In addition to the human need to connect and reciprocate, individuals also like to be socially competitive. This can also be a driving force in repeated and habitual social media use. As soon as the ‘like’ button was introduced on Facebook, it also meant that individuals could keep count of the number of ‘likes’ they received in relation to the content posted. ‘Likes’ have a numerical value and users use such statistics as a way of raising or boosting self-esteem. This make social media users create a routine and habitually check their social media. Numerical indicators keep individuals coming back for more likes and individuals also want to beat their own numerical scores as well as those of others. In some recent research we did on obsessive selfie-taking, social competition (i.e., getting the most ‘likes’ for selfies posted online) was one of the major reasons for posting selfies in the first place.
The more that an individual invests in something (whether it is time, money and/or effort), the more they tend to persist in the behaviour. This is sometimes referred to as the ‘sunk cost’ bias referring to a cost that has already been incurred and cannot be recovered. Such behaviour helps explain why individuals carry on playing a national lottery game despite never winning large jackpots. It can also help explain why some individuals carry on investing large amounts of time in social media. Individuals have spent so much time psychologically invested that to stop doing it would mean that all their previous time spent on social media sites has been a complete waste of their time. The introduction of streaks on Snapchat are a good example. An individual’s streak number is simply the number of consecutive days that they have been ‘snapping’ with another individual (e.g., a score of 100 would mean that one individual has sent photos to another individual on Snapchat for 100 consecutive days). The whole point of a Snapchat streak is to see how long an individual can keep it going. The higher the streak score, the longer an individual is likely to persist in sending photos every day to the other person. The more friends that an individual has on Snapchat, the greater the number of different streak scores and the more time they spend on Snapchat.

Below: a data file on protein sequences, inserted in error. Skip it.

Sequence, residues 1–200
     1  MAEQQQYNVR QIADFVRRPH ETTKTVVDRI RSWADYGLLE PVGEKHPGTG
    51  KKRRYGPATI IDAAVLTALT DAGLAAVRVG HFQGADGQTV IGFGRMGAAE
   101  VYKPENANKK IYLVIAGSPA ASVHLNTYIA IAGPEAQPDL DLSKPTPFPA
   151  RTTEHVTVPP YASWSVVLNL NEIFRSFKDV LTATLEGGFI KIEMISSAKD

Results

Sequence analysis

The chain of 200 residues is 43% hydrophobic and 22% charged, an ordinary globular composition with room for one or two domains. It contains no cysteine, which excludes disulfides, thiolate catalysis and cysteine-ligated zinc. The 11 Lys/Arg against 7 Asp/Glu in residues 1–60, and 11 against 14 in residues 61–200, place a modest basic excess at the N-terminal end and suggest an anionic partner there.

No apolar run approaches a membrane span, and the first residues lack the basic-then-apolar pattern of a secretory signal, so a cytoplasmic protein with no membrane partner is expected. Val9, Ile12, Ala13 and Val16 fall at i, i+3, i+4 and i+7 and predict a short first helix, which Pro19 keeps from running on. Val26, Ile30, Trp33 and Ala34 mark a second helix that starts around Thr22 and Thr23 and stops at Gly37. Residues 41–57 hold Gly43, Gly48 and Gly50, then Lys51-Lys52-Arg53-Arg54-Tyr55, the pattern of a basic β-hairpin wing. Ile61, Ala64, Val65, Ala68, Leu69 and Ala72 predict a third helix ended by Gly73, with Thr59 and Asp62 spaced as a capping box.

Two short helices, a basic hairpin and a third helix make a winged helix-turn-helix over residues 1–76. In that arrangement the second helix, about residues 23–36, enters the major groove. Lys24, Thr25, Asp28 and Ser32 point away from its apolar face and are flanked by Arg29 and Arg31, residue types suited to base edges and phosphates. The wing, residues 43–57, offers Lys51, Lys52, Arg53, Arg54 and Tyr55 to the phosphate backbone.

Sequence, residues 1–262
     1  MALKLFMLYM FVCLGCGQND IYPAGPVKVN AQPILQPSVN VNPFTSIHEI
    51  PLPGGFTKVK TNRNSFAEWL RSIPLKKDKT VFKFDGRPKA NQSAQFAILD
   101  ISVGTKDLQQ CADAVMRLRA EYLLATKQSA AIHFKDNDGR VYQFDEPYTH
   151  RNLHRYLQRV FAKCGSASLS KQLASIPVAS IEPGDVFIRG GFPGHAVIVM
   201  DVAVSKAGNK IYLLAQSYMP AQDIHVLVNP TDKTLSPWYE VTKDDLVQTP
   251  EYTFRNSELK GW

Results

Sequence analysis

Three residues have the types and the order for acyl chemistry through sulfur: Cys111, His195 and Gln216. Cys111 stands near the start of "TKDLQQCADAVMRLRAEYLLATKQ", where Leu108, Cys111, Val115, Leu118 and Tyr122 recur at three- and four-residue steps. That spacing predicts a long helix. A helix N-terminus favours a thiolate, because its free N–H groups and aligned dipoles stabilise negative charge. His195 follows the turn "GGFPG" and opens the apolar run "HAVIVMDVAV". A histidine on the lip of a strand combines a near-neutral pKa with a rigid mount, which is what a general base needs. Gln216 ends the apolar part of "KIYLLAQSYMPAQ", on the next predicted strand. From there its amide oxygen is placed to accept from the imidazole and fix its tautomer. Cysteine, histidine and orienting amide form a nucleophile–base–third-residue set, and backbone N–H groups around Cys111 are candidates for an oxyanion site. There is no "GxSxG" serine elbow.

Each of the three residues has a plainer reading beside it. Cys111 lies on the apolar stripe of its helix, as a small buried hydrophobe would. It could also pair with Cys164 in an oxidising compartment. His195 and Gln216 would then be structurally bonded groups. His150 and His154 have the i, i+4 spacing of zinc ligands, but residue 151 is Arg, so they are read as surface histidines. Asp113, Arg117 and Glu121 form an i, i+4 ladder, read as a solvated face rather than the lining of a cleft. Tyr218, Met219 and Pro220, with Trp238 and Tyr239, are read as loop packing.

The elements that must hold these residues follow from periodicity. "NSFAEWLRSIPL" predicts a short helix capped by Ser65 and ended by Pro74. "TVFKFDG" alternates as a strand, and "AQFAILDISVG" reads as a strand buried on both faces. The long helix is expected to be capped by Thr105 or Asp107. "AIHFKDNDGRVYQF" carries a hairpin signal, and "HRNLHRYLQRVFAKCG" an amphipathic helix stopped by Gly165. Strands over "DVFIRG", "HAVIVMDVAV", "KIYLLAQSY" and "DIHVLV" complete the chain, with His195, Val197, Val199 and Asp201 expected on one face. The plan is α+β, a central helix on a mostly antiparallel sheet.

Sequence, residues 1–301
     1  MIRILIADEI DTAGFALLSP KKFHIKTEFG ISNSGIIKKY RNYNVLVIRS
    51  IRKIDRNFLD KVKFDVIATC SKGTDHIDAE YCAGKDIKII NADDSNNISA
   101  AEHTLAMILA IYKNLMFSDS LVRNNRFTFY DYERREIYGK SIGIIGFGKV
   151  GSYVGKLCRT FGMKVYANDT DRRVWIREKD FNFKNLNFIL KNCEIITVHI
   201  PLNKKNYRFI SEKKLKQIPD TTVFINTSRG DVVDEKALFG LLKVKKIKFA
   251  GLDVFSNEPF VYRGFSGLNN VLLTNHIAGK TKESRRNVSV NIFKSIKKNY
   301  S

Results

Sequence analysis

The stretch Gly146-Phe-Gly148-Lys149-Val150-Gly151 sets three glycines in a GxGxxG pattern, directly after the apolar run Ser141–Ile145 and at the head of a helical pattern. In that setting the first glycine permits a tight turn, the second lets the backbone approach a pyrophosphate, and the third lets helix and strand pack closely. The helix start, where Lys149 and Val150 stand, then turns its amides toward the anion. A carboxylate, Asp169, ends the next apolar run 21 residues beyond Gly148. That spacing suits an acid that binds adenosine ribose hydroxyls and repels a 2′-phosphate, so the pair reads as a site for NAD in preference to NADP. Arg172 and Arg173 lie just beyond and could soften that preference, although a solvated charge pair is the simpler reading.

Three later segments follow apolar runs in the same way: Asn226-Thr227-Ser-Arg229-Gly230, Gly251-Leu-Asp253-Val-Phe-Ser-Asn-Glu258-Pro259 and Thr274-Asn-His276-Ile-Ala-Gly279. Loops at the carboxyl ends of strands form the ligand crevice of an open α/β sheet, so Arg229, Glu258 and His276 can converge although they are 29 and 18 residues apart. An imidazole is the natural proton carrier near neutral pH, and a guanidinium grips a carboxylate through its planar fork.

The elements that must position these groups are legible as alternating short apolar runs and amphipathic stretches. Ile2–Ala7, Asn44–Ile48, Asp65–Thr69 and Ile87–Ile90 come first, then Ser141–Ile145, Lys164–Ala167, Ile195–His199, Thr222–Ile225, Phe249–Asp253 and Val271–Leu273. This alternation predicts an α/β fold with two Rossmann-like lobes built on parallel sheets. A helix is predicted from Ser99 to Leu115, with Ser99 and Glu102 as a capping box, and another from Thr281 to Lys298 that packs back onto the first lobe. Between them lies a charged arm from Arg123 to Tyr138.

Scholars such as Adam Alter do not believe that social media platforms are designed to be addictive per se. However, they are certainly designed to get users (many of which are adolescents) coming back again and again (so-called ‘stickiness’ that relies on the unpredictable and random rewards). Habitual behaviour is a powerful reinforcer. It is about using daily routines to create habits (turning on a video game console as soon as a teenager enters their bedroom, or making a drink as soon as you as an individual gets back home from school). The more an individual invests in carrying out a behaviour, they more they will persist in repeating it. Social media operators are trying to grab adolescent attentions and can do it through sounds, vibrations and/or notifications. Other psychosocial factors are also involved in habitual social media use such as fear of missing out (FOMO), social connection, reciprocal liking, and social competition.